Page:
Antonio García Martínez said that Apple “was well aware” of what he wrote in his controversial but best-selling book Chaos Monkeys before hiring him. But Apple appears to have caved to pressure from liberal employees and cut ties with him.
Apple reportedly cut ties with Martínez after employees said in a petition they were “deeply concerned” with “misogynistic statements” found in his best-selling book. “Apple said Wednesday it had parted ways with Antonio García Martínez, who had been hired about a month ago to work on ad platforms,” The Wall Street Journal reported May 14. Martínez responded by denying the narrative that the split with Apple was mutually decided: “I did not ‘part ways’ with Apple. I was fired by Apple in a snap decision.” Apple employees circulated a petition calling for Martínez to be fired for passages he wrote in Chaos Monkeys.
Martínez suggested Apple knew what they were getting before he was hired.
“Apple was well aware of my writing before hiring me. My references were questioned extensively about my bestselling book and my real professional persona (rather than literary one),” he illustrated. Martínez continued: “Apple has issued a statement that clearly implies there was some negative behavior by me during my time at Apple. That is defamatory and categorically false.”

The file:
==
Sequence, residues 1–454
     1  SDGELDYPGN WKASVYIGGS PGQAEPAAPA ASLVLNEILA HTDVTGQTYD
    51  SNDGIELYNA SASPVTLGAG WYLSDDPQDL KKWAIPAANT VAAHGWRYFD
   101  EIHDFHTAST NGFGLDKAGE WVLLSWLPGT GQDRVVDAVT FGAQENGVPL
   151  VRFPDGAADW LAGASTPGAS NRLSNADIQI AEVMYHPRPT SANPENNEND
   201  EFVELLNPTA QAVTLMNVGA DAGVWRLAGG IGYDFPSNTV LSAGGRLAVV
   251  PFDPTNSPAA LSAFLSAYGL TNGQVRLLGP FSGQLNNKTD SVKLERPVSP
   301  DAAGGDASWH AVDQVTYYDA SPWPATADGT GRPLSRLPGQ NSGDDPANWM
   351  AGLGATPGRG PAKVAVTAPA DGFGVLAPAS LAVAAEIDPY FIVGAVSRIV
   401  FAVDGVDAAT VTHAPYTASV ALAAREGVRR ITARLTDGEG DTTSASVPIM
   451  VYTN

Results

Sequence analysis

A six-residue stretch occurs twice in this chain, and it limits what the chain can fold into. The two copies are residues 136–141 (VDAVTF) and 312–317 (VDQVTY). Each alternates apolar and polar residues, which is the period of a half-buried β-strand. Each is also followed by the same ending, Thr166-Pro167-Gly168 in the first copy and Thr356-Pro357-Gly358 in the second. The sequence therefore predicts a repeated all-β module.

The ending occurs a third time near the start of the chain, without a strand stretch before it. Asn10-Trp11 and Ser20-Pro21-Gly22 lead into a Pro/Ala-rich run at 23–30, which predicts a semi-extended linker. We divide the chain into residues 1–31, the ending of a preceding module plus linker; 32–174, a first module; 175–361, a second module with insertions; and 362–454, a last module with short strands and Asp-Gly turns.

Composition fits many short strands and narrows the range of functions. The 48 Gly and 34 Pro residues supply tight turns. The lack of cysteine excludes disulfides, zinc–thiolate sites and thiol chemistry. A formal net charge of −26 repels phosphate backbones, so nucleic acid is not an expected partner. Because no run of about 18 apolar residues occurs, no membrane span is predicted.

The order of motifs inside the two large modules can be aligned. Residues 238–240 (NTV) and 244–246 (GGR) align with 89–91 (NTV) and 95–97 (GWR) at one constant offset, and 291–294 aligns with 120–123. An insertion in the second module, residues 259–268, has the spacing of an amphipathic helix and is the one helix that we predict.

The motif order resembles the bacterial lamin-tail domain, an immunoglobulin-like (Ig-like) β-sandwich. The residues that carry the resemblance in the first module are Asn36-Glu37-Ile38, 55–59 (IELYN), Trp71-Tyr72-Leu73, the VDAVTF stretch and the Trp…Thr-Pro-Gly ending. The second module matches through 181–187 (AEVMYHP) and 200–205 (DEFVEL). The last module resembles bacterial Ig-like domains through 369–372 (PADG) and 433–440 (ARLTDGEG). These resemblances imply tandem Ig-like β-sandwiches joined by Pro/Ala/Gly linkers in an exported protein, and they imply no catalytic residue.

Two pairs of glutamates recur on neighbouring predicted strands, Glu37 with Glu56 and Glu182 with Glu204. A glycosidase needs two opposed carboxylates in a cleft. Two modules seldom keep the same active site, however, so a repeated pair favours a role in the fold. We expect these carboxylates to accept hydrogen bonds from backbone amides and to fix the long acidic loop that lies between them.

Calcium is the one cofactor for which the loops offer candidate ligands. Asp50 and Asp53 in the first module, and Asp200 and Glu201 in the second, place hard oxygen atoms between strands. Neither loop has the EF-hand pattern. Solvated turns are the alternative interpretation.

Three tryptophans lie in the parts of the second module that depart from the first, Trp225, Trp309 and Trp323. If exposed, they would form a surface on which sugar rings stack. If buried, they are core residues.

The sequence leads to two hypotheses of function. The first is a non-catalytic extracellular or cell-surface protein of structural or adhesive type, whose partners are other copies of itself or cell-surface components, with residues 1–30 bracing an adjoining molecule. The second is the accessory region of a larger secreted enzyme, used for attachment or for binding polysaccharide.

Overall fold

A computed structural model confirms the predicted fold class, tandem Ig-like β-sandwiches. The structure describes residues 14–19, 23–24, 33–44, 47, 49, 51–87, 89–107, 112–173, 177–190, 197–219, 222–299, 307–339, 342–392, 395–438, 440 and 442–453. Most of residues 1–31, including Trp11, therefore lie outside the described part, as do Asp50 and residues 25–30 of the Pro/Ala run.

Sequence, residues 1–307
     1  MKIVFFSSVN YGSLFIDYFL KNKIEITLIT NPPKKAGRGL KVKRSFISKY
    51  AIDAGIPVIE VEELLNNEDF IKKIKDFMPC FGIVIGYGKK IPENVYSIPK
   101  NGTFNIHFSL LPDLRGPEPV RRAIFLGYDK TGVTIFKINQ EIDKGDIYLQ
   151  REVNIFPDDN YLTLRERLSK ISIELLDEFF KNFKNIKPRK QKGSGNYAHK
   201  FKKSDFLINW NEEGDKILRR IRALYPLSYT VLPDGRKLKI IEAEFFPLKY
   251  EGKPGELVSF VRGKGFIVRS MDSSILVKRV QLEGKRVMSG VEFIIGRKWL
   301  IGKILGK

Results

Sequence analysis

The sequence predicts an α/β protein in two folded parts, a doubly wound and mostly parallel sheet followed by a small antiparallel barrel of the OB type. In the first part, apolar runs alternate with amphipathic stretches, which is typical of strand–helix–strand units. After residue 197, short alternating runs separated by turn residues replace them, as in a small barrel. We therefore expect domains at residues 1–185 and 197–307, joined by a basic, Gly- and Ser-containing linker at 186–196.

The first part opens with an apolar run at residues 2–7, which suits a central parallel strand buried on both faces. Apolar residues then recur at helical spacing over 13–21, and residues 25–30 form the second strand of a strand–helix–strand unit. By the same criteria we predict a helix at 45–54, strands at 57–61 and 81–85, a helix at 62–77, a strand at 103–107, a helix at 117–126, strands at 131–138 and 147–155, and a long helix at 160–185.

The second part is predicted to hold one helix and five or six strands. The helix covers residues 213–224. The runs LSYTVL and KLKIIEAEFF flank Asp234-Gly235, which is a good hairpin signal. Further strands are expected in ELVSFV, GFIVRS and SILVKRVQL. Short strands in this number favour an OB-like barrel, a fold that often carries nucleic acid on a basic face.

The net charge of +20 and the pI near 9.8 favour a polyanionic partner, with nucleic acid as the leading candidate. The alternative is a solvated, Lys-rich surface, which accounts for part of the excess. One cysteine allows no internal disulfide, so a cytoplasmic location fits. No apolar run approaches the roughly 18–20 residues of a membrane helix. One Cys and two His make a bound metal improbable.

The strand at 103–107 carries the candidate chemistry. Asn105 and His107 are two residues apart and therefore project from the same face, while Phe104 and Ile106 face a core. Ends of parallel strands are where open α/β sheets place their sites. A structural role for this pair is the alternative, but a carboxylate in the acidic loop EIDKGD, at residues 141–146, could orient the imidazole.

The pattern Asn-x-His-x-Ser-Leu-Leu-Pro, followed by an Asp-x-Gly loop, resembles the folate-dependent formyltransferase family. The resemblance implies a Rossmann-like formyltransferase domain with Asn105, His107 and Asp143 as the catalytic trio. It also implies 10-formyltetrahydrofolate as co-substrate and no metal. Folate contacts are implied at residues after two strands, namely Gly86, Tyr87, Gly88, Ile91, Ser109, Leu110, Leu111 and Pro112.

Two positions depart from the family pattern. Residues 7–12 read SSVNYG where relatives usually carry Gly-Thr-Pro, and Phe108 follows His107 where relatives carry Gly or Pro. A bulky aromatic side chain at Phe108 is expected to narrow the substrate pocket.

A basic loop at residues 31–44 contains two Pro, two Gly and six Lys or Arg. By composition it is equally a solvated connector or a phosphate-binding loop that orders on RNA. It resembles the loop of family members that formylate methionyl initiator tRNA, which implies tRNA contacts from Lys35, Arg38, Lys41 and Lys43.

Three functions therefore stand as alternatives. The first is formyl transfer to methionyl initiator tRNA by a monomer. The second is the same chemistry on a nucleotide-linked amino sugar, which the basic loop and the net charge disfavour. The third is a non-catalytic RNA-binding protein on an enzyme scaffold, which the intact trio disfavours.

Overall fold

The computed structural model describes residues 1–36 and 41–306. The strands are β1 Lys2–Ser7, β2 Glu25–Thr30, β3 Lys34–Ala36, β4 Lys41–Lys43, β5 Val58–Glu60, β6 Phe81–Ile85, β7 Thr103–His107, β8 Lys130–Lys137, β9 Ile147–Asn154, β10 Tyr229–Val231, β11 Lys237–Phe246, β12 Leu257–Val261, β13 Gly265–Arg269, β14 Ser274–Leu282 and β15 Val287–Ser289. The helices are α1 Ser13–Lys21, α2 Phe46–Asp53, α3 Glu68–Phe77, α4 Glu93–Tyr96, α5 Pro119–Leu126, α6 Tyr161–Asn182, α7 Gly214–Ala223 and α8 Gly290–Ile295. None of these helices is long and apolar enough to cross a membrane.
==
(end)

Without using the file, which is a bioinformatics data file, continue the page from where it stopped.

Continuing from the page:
Martínez argued that Apple’s rash decision left his life in the lurch in a May 14 tweet: “I upended my life for Apple. I sold my WA residence which I built with my own hands, relocated myself, shut down any public media presence and future writing aspirations, and resolved to build my career at Apple for years to come.”
A particular hyperbolic passage that scandalized a vocal portion of Apple’s employees suggested that many Silicon Valley women were too sensitive: “Most women in the Bay Area are soft and weak, cosseted and naive despite their claims of worldliness, and generally full of shit.”
The account purportedly belonging to The Spectator’s New York editor Melissa Chen responded to Martínez’s tweet thread about his former employment with Apple. The Melissa Chen account suggested that the reaction by Apple and its employees merely served to prove the point Martínez made in his book. “The irony of this is that the actions of the employee mob at Apple kinda prove his point – that women are soft & weak, easily crumbling at the danger of working with someone who was merely indulging in a comedic rant,” tweeted @MMelChen.
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